|From:||Kyotaro HORIGUCHI <horiguchi(dot)kyotaro(at)lab(dot)ntt(dot)co(dot)jp>|
|Cc:||alvherre(at)2ndquadrant(dot)com, andres(at)anarazel(dot)de, ah(at)cybertec(dot)at, magnus(at)hagander(dot)net, robertmhaas(at)gmail(dot)com, tgl(at)sss(dot)pgh(dot)pa(dot)us, pgsql-hackers(at)postgresql(dot)org|
|Subject:||Re: shared-memory based stats collector|
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Thank you very much for reviewing this and sorry for the absense.
At Sun, 20 Jan 2019 18:13:04 +0100, Tomas Vondra <tomas(dot)vondra(at)2ndquadrant(dot)com> wrote in <b760035b-1941-38bb-5e84-c2fbc63fef6b(at)2ndquadrant(dot)com>
> The patch needs rebasing, as it got broken by 285d8e1205, and there's
> some other minor bitrot.
The most affected part was 0006 because of file splitting, but
actually only the follwing four (actually three) commits
42e2a58071 Fix typos in documentation and for one wait event
97c39498e5 Update copyright for 2019
578b229718 Remove WITH OIDS support, change oid catalog column visibility.
(125f551c8b Leave SIGTTIN/SIGTTOU signal handling alone in postmaster child processes.)
The last one is not relevant because stats collector is no longer
This contains the EXEC_BACKEND related bug pointed by
> On 11/27/18 4:40 PM, Tomas Vondra wrote:
> > On 11/27/18 9:59 AM, Kyotaro HORIGUCHI wrote:
> >>> ...>>
> >>> For the main workload there's pretty much no difference, but for
> >>> selects from the stats catalogs there's ~20% drop in throughput.
> >>> In absolute numbers this means drop from ~670tps to ~550tps. I
> >>> haven't investigated this, but I suppose this is due to dshash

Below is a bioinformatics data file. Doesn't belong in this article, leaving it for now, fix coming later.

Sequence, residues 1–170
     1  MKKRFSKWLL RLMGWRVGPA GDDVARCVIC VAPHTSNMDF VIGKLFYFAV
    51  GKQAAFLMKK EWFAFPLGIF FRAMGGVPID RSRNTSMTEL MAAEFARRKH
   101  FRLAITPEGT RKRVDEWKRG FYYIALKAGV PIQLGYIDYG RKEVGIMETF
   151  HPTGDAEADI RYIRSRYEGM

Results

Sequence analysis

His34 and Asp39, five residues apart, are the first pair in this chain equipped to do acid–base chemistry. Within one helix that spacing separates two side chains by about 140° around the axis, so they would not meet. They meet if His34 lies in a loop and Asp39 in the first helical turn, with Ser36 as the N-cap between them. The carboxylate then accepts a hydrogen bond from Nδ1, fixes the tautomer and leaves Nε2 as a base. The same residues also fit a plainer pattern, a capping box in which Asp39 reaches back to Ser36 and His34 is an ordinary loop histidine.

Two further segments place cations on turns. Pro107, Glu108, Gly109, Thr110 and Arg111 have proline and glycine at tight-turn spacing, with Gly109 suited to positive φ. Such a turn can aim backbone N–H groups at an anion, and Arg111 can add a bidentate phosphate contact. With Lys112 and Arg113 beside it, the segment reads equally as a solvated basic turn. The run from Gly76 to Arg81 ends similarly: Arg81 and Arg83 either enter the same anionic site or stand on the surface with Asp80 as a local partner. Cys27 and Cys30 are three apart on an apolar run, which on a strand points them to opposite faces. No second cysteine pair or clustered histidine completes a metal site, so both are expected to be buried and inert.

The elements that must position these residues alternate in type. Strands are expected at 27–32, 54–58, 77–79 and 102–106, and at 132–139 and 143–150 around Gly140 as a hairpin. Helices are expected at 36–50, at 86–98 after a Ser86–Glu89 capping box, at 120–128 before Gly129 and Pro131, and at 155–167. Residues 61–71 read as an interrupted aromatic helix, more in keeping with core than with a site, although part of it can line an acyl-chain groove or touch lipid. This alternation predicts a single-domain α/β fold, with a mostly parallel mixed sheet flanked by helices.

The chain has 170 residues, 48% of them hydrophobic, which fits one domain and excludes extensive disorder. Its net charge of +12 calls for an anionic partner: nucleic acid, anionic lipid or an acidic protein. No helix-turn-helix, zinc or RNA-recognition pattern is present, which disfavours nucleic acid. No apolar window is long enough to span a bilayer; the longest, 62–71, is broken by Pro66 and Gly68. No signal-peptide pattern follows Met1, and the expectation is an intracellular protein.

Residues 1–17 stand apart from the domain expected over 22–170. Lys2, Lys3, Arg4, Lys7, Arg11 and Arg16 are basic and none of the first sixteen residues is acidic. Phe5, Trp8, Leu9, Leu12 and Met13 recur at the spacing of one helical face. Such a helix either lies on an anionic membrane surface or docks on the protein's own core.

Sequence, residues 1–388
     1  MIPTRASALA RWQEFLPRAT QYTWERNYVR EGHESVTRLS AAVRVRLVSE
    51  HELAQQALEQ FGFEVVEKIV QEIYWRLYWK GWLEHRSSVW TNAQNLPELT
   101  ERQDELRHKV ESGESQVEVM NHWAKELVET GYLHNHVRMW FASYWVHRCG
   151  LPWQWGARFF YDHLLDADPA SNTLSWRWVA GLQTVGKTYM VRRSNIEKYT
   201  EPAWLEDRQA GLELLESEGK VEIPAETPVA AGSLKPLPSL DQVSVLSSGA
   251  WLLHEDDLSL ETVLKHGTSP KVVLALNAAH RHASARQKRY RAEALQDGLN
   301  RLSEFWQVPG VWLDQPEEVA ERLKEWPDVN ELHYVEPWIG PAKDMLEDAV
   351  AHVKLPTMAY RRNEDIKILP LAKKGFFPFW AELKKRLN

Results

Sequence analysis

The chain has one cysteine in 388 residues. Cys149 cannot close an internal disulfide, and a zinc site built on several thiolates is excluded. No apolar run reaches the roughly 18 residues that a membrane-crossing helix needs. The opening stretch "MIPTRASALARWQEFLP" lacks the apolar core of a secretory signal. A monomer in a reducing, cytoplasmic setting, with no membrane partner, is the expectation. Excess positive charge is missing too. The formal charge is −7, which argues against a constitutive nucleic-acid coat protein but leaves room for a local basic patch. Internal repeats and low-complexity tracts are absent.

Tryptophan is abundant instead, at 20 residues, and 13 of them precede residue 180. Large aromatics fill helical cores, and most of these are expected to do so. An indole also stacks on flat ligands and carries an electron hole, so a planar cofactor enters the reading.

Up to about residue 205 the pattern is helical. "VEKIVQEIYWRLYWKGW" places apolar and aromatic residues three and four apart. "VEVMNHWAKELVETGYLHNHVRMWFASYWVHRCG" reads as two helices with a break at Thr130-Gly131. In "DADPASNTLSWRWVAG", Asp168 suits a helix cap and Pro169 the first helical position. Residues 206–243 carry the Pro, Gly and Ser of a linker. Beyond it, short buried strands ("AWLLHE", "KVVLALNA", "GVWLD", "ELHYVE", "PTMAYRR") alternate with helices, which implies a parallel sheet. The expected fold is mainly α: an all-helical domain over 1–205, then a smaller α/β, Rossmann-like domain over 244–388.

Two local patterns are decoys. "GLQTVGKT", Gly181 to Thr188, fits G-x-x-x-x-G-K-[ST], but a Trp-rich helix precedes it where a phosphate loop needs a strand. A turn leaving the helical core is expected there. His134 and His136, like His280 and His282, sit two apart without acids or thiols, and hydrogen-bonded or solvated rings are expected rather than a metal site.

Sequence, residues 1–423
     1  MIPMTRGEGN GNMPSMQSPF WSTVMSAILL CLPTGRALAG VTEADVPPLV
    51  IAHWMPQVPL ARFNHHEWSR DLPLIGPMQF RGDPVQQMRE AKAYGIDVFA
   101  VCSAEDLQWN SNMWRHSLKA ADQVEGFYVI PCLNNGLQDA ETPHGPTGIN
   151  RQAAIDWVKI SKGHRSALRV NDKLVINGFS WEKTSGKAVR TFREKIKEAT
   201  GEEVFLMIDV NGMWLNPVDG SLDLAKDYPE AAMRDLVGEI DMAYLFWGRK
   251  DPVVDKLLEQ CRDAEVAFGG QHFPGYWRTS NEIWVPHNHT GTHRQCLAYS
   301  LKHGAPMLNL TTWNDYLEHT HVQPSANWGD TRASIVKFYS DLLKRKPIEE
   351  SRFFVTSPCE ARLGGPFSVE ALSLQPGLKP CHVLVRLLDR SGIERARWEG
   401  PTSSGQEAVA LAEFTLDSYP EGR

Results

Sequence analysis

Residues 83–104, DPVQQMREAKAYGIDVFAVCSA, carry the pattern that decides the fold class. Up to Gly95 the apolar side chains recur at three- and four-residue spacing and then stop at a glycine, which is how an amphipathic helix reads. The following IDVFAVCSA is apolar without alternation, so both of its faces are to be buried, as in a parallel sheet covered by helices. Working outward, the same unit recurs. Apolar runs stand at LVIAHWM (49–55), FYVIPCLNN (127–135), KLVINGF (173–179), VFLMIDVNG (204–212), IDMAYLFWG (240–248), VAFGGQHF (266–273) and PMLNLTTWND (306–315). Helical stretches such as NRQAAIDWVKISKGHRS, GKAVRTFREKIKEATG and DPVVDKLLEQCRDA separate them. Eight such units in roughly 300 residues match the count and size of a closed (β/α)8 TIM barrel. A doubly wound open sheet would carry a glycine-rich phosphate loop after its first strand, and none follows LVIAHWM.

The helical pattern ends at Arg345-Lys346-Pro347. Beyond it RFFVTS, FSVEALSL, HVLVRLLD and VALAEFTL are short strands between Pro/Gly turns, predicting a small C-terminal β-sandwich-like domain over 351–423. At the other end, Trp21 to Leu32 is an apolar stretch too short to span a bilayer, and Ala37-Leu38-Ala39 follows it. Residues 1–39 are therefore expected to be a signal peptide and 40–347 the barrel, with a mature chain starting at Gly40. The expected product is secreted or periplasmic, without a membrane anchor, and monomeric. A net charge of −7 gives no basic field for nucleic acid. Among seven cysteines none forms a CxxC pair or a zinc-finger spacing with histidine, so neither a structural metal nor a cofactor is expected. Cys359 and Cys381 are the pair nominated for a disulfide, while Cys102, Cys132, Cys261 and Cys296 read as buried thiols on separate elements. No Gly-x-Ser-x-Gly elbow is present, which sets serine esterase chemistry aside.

> >>> seqscan being more expensive than reading the data from file.
> >> Thanks for finding that. The three seqscan loops in
> >> pgstat_vacuum_stat cannot take such a long time, I think. I'll
> >> investigate it.
> > OK. I'm not sure this is related to pgstat_vacuum_stat - the
> > slowdown happens while querying the catalogs, so why would that
> > trigger vacuum of the stats? I may be missing something, of course.
> > FWIW, the "query statistics" test simply does this:
> > SELECT * FROM pg_stat_all_tables;
> > SELECT * FROM pg_stat_all_indexes;
> > SELECT * FROM pg_stat_user_indexes;
> > SELECT * FROM pg_stat_user_tables;
> > SELECT * FROM pg_stat_sys_tables;
> > SELECT * FROM pg_stat_sys_indexes;
> > and the slowdown happened even it was running on it's own (nothing
> > else running on the instance). Which mostly rules out concurrency
> > issues with the hash table locking etc.
> Did you have time to investigate the slowdown?
It seems to me that the slowdown comes from local caching in
snapshot_statentry in several ways.
It searches local hash (HTAB), then shared hash (dshash) if not
found and copies the found entry into local hash (action A). *If*
the second reference in a transaction comes, HTAB returns the
result (action B). But it mostly takes action A in frequent-short
transactions. It can be reduced to the update interval of shared
stats, but it would be shorter if many backends runs.
Another bottle neck found in pgstat_fetch_stat_tabentry. It calls
pgstat_fetch_stat_dbentry() too often. It can be largely reduced.
A quick (and dirty) fix of the aboves reduced the slowdown
roughly by half. (59tps(master)->48tps(current)->54tps(the fix))
I'll reconsider the referer side of the stats.
I didn't merge the suggested two pairs of commits. I'll do that
after adressing the slowdown issue.
NTT Open Source Software Center
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